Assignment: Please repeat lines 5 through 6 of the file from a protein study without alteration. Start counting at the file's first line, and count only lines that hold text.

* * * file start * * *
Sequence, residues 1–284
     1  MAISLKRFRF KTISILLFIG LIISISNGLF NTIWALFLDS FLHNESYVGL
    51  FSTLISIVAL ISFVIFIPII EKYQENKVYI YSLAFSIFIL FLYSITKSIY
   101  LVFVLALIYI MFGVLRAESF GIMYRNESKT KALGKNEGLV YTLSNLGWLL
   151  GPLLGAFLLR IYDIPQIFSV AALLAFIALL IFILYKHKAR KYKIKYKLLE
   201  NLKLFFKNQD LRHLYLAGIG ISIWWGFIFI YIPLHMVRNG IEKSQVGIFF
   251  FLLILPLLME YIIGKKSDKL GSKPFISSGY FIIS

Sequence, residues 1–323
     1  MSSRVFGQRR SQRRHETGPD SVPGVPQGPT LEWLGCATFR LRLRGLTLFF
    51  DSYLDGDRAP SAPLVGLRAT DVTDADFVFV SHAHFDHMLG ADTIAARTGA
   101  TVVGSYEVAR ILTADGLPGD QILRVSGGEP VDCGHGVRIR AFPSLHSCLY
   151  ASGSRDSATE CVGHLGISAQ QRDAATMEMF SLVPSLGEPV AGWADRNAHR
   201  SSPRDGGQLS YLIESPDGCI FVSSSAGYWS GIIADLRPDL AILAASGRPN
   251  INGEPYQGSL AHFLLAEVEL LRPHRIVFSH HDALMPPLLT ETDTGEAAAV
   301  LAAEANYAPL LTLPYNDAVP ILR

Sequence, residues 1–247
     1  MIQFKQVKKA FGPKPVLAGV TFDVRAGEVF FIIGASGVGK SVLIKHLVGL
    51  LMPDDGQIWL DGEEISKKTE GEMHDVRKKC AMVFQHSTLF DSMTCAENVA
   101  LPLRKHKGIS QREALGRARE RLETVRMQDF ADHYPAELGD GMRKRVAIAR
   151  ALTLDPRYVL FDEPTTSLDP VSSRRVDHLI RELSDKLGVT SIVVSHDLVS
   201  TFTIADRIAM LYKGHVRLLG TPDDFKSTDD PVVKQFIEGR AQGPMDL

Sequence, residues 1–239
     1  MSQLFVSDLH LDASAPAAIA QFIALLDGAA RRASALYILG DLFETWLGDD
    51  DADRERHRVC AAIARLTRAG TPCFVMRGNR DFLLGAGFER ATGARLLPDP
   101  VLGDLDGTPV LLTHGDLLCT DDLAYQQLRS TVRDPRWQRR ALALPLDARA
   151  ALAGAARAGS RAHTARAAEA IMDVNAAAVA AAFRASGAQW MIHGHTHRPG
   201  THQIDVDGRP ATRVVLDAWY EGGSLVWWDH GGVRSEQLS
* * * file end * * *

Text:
   151  GPLLGAFLLR IYDIPQIFSV AALLAFIALL IFILYKHKAR KYKIKYKLLE
   201  NLKLFFKNQD LRHLYLAGIG ISIWWGFIFI YIPLHMVRNG IEKSQVGIFF